Tuesday, February 19, 2008

The Veggie Queen Pressure Cooker Sale

Tonight I am doing a pressure cooking class and with it I am having a sale on pressure cookers. I have been amazed at how many people are willing to venture into the PC world when there is a discounted price. I keep wondering if a lower price somehow helps dissolve the fear factor. I'd think that with all the talk about saving energy, that would be one of the main reasons that people would want to pressure cook, as well as it providing an easy way toward the healthier eating goal.

It seems to me that the talk about pressure cooking is heating up, and I am noticing many more newspaper and magazine articles, as well as blog posts. I can only hope that pressure cooking will catch on and that many people buy a pressure cooker and still don't know what to do with it. Then they can purchase my DVD Pressure Cooking: A Fresh Look, Delicious Dishes in Minutes at http://www.pressurecookingonline.com/. I explain how to use the pressure cooker and demonstrate 14 recipes from breakfast through dessert.

If it weren't for my pressure cooker I am sure that I'd pack on the pounds and compromise my health, to boot. But if I can make steel cut oats for breakfast in about 10 minutes from start to finish, then it's easy for me to eat healthy food. Heck, I can almost make hummus from scratch in as much time as it would take to drive to the store and back. (OK, maybe it's a bit of an exaggeration but not much.) Delicious eating has never been as healthy and fast, as it is with the pressure cooker. I could go on and on but I'll save that for another post.

Sunday, February 10, 2008

Nuts are Big at Safeway

I am not referring to the shoppers and their state of mind. But one of my local Safeway stores was just remodeled (after being built only a few years ago) and one of the most prominent features is a large nut bar. In addition to ordering nuts by the pound, or part thereof, there is also a station which will fresh grind nut butters for you -- ranging from almost to peanut, peanut and chocolate to organic peanut. I noticed that the price of the organic peanut was $5.99.

When I checked at the nearby natural food store where I shop,. their organic fresh peanut butter is only $3.49 per pound. I have a feeling that for most Safeway shoppers, having fresh ground nut butter is such a novely that they'll try it, and if they like it, they'll be back. But it seems expensive to me in the $4 to $8 per pound range.

Additionally, while I think that including nuts, seeds and nut butters in a vegan or vegetarian diet in moderation is just fine, I am not sure about including them in a SAD (standard American diet) due their high fat content. But truth is if the nuts or nut butters are replacing processed food, then that's a good thing.

Just the fact that Safeway has chosen to have a nut bar is quite interesting. I suspect that in addition to the high profit margin potential from the nut bar, they must think that nuts are an up and coming food item. I hadn't thought of them that way but maybe now I will.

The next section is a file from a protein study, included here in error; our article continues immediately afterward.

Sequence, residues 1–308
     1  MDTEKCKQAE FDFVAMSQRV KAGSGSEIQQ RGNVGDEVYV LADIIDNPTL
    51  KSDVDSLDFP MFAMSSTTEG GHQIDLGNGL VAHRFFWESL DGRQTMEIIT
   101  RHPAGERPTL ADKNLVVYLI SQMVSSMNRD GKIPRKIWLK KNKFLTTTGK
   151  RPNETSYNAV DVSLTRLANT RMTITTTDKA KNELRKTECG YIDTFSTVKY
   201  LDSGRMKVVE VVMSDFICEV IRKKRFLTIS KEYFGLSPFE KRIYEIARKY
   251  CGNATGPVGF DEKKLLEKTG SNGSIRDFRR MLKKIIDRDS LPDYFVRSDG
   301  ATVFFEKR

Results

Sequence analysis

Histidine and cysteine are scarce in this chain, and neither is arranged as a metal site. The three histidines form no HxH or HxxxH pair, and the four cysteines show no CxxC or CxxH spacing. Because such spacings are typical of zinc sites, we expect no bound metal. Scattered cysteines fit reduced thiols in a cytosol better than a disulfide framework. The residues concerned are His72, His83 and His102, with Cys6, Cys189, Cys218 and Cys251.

I use nuts often as a way to add toasty flavor or texture to food, especially in salads or pasta dishes. One of my favorite things to eat is toasted bread with nuts or seeds in it, especially on the crust. Put on some avocado and maybe some sprouts, and I'll call it breakfast. Obviously I am a nutty Safeway shopper (not very often) of a different kind.

Thursday, February 07, 2008

The Best Vegetable Class Ever

Just this week I taught a class titled Winter Vegetables Beyond Broccoli. Unlike many of my other public (versus Santa Rosa Junior College) classes, I didn't say what dishes I would be teaching but that I would include instructions for braising, baking, roasting, steaming and, my favorite, pressure cooking. So, it was a breeze for me to come up with recipes because I could survey my refrigerator, the market and the farmer's market to what was really in season.

I was so curious about why people chose to attend this class. The participants ranged from people who only boiled their veggies to those who were getting a CSA box from a local farm, and wanted to learn more ways to use what's fresh. I discovered that true to my thinking, that many people stick to using the vegetables that they know and love and rarely branch out and try something new.
This group got introduced to vegetables such as parsnips, featured in my Maple Vinegar Sauteed Parsnips, rutabagas, 3 kinds of sweet potatoes, potatoes in gold, pink and purple (that's their innards too), romanesco broccoli which is actually a type of cauliflower, Brussels sprouts on the stalk, white, gold and chiogga beets, watermelon daikon radish, kohlrabi, Jerusalem artichokes, scarlet turnips, yellow or white carrots, wild and cultivated mushrooms and more.

I know that every attendee learned a lot and was introduced to at least 1 new vegetable. Some learned about 6 or more. I was having the time of my life. I live for A-HA vegetable moments, and they were there -- for almost the entire class.

And true to what I promised I made soup, sides and main dishes while baking, steaming, roasting, braising and pressure cooking. Here's to winter veggies -- I enourage you to stop and pick up some new-to-you vegetable the next time you see one. It may just lead to an enlightening vegetable experience which is my desire for you.